Prayer Book–The Standard of Worship
In the continuing Anglican Church, the Book of Common Prayer is (and remains) one work in two editions: The Canadian Book of 1962 and the American Book of 1928. Each is fully and equally authoritative. No other standard for worship exists.
Certain Variances Permitted
For liturgical use, only the Book of Common Prayer and service books conforming to and incorporating it shall be used.
The above quoted text is from a foundational document for the Continuing Anglican Movement: The Affirmation of St. Louis. It is obvious that the authors of this affirmation believe that the 1928 American BCP and the Canadian 1962 BCP are compatible with Christian Faith as it is expressed in under Section 2: “The Essentials of Truth and Order” citing among other things the “Seven Ecumenical Councils.” The authors of the affirmation and the author of this blog will have to agree to strongly disagree on that. These two Prayer Books are elevated to “Standard of Worship” which is very significant because what we keep on praying we will end up believing. The clause about “certain variances” is, I would say even more important than the elevation of the Prayer Books. Because the language specifically allows the use of “service books conforming to and incorporating” either of these two BCP’s. Clearly the Missals are allowed.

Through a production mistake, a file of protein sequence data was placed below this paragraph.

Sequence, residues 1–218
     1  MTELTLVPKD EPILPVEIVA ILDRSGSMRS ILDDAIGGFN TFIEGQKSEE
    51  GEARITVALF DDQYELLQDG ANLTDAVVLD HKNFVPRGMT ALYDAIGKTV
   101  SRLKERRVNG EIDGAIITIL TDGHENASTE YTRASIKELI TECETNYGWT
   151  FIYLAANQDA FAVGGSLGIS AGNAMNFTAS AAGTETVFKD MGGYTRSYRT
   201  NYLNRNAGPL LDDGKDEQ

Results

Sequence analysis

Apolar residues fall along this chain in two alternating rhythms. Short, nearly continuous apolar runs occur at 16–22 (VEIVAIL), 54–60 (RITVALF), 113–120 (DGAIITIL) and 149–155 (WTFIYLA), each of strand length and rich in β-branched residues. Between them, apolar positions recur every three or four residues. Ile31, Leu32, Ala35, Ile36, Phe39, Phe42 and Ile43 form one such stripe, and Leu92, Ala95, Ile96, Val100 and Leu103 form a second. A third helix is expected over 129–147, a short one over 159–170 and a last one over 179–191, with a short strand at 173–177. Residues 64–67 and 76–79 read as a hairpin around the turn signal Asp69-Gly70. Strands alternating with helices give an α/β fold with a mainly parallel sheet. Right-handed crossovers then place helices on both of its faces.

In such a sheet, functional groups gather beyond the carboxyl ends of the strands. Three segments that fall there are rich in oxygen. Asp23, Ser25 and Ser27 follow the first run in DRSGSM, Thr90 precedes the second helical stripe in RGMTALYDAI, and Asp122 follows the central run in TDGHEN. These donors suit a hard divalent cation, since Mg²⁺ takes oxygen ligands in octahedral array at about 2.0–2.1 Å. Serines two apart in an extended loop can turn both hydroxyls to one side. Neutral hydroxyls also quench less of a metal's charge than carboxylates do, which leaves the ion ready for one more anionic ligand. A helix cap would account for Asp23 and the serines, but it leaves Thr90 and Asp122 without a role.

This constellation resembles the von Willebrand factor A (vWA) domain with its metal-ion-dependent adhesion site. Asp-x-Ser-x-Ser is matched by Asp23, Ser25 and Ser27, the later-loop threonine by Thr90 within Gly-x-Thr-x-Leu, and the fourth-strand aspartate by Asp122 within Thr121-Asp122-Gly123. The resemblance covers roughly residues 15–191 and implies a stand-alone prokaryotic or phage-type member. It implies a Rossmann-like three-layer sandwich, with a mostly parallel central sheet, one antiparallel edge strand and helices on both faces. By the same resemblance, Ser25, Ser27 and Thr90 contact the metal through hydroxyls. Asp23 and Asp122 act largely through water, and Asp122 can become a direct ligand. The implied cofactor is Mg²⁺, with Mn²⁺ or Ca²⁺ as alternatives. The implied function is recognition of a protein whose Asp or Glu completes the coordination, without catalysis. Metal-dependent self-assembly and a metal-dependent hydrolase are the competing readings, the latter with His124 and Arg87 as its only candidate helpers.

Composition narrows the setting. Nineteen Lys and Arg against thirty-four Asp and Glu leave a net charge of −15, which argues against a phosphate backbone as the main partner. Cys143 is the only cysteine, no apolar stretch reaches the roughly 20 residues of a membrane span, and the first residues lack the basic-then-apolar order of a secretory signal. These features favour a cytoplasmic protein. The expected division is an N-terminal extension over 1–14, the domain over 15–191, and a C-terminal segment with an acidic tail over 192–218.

But not only the Missals. The text does not specify missals but it says “service books” which includes the various ways in which the services of Morning and Evening Prayer have been rendered in a more traditional and catholic form: The English Office Book, The Prayer Book Office, The Monastic Diurnal & Breviary Matins, but also the subject of this blog …. The Anglican Breviary. The latter contains all the propers from the ’28 and ’62 BCP’s as well as the Coverdale Psalter (but without the unfortunate ’28 hebraizing), the King James Bible for lessons, and counts the Sundays as does the BCP. Iow The Anglican Breviary fulfills the requirement of the Affirmation of St. Louis and is as much allowed for use as are the Missals!
There are no doubt difficulties to be overcome in beginning to use The Anglican Breviary but none of them of such gravity that they could not be overcome. The effort would be well worth the trouble. If you think that the use of the Missal has enriched the performance of the Mass you will certainly think the same of the performance of the Office with the Anglican Breviary.